<——— Rosemary’s breast-fed baby. ;-=

cookieman's avatar

I’m fine with the protest. What the hell, right? I think asking for an apology is a bit silly though. I’m sure the Target employee was perfectly polite about it.

As for breastfeeding in public…my general rule of thumb is that if it keeps the munchkin from screaming, do it.

My biggest pet peeve are parents obliviously strolling around a store while the kid screams bloody murder. Comfort the kid, stop and play with him, breast feed him, and (if all else fails), leave the store. Inconvenience yourself, not the other shoppers. I can’t tell you how many times I left carriages full of stuff sitting in an aisle when my daughter decided to throw a fit.

I say, breast-feed away.

OpryLeigh's avatar

Like @fizzbanger said, it depends on why they suggested she move to a dressing room. It could have been out of courtesy to the mother rather than prudishness towards her boob being out. Without knowing all the facts here I can’t say what my opinion on the protest is. If she was sat on the floor feeding then she may have been in the way of other customers. That has nothing to do with being a mother and everything to do with causing difficulty for others so, asking her to move may have been for the best interests of other shoppers without being anything to do with the actual breast feeding.

If the intentions on the staff were well meaning then the protesters need to get off their high horses and realise the world doesn’t revolve around them. If the intentions were purely because the staff were uncomfortable with the breast feeding then better training is needed to ensure that no woman is made to feel uncomfortable for feeding her child.

Adirondackwannabe's avatar

@fizzbanger This question cracked me up because of something that happened just before Christmas. I’m in Upstate NY and we’ve had a big influx of Mennonites and Amish families lately. They’re great for the area. They also all breastfeed. I’m in the farmer’s market in Cooperstown and I go up to one of the booths and two women are there, both breastfeeding their children. I picked out what I wanted and paid one of the women, and got my change, all the while she was feeding the kid. Neither of us had any problem with it. Come on people, grow up.

CWOTUS's avatar

@cazzie

You kind of skirted the point I was trying to make earlier, but you didn’t address it.

Suppose the store manager feels – whether rightly or wrongly makes no difference to this argument – that a majority of his customers would be offended, upset or “put off” as @fizzbanger says she was. Does he not have the right – in fact, the duty to the store owners and patrons – to enforce the business’ norms? Why does he (or she) have to accede to the demands (and maybe unreasonable demands, at that) of one woman who chooses to break those norms? And if she was sitting in a shopping area, then she may very well have been placing herself and her infant in danger, too. That adds a liability issue – to the store – because if anyone fails to see them sitting on the floor and trips over them or drops something on them, then guess who will be sued.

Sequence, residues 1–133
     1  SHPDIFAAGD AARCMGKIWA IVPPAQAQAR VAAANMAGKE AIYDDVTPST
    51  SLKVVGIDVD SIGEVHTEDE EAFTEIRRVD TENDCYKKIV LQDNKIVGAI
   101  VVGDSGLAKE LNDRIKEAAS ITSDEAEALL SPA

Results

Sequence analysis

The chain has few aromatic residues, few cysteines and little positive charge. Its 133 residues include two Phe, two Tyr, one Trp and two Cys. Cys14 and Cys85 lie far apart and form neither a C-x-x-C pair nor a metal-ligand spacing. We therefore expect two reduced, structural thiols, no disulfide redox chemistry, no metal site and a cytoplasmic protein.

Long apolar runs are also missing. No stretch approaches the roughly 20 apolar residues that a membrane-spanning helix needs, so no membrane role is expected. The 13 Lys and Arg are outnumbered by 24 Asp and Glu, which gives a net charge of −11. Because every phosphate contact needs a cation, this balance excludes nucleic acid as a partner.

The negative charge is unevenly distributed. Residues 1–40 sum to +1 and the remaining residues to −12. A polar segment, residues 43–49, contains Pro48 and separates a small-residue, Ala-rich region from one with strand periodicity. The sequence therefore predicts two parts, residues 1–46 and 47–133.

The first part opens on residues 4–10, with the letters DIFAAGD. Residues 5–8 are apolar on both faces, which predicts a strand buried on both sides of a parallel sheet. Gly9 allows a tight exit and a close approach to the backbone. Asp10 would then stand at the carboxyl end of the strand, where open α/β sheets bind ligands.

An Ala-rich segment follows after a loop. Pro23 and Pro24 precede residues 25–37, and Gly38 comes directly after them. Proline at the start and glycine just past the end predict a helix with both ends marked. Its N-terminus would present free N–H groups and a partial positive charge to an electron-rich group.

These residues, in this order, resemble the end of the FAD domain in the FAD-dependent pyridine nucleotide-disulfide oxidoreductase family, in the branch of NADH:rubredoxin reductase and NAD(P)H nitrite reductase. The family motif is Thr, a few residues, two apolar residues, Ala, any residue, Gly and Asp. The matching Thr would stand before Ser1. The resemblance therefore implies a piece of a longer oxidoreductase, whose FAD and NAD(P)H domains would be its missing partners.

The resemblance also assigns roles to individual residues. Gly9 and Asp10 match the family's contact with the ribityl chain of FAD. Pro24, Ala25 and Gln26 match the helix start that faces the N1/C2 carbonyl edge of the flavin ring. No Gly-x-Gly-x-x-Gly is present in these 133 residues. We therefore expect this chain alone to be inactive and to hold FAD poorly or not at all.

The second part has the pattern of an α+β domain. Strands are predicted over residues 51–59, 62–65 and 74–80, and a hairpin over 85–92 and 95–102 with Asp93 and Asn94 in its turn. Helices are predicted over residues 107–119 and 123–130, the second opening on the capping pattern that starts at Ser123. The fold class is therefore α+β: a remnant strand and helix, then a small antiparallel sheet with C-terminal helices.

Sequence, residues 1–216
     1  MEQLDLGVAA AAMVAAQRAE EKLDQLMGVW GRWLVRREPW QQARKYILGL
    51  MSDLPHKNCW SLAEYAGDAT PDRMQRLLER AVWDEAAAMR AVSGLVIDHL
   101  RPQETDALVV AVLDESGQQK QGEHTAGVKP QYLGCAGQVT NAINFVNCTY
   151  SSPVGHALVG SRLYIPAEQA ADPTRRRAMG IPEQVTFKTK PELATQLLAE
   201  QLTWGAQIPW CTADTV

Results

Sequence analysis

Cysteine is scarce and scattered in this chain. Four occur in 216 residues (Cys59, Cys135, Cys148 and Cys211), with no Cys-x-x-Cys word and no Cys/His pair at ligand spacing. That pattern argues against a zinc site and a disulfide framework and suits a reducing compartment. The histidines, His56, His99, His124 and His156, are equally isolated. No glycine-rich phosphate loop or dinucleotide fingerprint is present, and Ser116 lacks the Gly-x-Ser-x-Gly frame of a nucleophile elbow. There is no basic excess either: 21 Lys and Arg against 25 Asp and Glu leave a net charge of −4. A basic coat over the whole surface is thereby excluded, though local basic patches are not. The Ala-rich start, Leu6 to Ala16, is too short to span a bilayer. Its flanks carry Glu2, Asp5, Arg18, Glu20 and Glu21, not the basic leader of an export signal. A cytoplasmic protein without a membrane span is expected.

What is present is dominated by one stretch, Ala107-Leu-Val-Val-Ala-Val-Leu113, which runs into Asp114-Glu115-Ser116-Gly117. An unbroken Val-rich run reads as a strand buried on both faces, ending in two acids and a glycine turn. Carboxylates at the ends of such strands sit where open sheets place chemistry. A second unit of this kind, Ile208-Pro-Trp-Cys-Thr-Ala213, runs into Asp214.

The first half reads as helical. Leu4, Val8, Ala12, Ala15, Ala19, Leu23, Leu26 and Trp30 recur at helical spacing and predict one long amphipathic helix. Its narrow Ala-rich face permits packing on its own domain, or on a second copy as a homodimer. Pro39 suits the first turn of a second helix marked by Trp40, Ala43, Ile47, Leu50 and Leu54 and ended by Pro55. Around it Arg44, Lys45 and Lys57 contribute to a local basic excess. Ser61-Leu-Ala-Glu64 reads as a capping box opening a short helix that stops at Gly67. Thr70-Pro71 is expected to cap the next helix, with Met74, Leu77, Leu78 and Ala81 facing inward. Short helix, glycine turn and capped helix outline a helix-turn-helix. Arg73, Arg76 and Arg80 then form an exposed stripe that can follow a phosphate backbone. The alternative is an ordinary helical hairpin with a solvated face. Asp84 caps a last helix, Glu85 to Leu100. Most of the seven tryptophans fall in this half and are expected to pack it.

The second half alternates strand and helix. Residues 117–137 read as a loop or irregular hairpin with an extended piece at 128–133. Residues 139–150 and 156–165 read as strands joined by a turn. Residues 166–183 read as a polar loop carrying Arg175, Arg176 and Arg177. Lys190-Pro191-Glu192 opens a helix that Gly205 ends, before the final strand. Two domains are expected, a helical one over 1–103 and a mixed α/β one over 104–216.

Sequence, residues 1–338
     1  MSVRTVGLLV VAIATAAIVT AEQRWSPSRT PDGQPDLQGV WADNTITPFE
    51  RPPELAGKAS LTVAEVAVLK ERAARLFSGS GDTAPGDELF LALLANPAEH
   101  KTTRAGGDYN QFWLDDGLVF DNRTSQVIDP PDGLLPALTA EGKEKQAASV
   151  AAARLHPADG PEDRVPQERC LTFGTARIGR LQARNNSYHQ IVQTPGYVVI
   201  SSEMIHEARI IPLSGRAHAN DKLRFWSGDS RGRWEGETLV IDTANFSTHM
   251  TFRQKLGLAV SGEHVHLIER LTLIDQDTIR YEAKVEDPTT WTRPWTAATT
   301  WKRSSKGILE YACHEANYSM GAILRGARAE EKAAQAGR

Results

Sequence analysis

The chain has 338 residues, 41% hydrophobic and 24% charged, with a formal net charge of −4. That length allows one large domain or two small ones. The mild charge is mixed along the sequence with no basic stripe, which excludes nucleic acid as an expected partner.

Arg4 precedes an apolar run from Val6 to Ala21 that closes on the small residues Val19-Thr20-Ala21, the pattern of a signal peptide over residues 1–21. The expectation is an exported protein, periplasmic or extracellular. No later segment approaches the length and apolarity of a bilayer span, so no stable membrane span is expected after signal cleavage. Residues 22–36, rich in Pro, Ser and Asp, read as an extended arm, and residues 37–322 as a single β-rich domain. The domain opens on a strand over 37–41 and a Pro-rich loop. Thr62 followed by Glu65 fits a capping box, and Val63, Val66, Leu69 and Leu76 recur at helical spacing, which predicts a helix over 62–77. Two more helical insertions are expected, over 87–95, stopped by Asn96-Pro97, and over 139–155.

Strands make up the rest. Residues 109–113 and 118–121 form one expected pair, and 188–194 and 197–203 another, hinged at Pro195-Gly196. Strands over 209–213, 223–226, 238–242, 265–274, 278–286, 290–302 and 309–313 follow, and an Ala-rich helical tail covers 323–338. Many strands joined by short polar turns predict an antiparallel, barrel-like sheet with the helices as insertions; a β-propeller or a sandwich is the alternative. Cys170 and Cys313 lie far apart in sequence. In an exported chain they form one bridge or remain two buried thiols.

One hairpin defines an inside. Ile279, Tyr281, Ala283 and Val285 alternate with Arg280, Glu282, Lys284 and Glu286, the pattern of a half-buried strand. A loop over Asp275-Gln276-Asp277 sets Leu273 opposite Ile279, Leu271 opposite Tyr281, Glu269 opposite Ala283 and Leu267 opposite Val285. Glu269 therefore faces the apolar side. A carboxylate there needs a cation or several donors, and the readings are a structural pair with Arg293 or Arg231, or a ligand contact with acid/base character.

If you don’t like store policies you have every right to complain to the manager or simply vote with your feet, leave the store and never return. The protesters even have the right to make their current protest. I just think it’s the wrong protest, aimed at the wrong people and for the wrong reason. I think it’s silly.

Judi's avatar

If it wern’t for sit ins, the “social norms” of the south wouldn’t have changed and we would still have segregated bathrooms and drinking fountains.
It is morally wrong to limit feeding children, especially in a society that has half naked women on every billboard, magazine and TV commercial.
I think it is important that the other side of the breast story at least be allowed to be shown, it doesn’t get anywhere near equal time.
Our local news station was having this conversation on Facebook. One guy was arguing against breast feeding in public, but had his Facebook page covered with hooters girls. How hypocritical.
I say, if you don’t want to see it, put a blanket over your head.

Aethelwine's avatar

And this is why women who breastfeed in public feel shamed, because some consider them to be on their “high horse” when they are protesting their right to feed their child. Is anyone going to tell the parents with bottles to go sick in a tiny dressing room to feed their children because you know, those bottles can be dangerous projectiles if a baby throws it. Someone could get hit in the face and need to go to the hospital!

Great answer @Judi!

RealEyesRealizeRealLies's avatar

Don’t Target employees have anything better to complain about… like teenage hoodlums wearing their jeans down to their ankles? Or fully 1/10th of every shopper reeking of Chronic Supernova Skunk Weed? How about POP Cosmo headlines teaching curious young preteen girls how to date ten men at once by knowing how to touch a naked man with their new found 75 irresistible sex moves

RealEyesRealizeRealLies's avatar

On the other hand, if the demonstrators performed like this, I might shop there more often.

nikipedia's avatar

Out of curiosity, do those of you who support breast feeding in public think breasts should be permitted to be exposed in public in general?

Aethelwine's avatar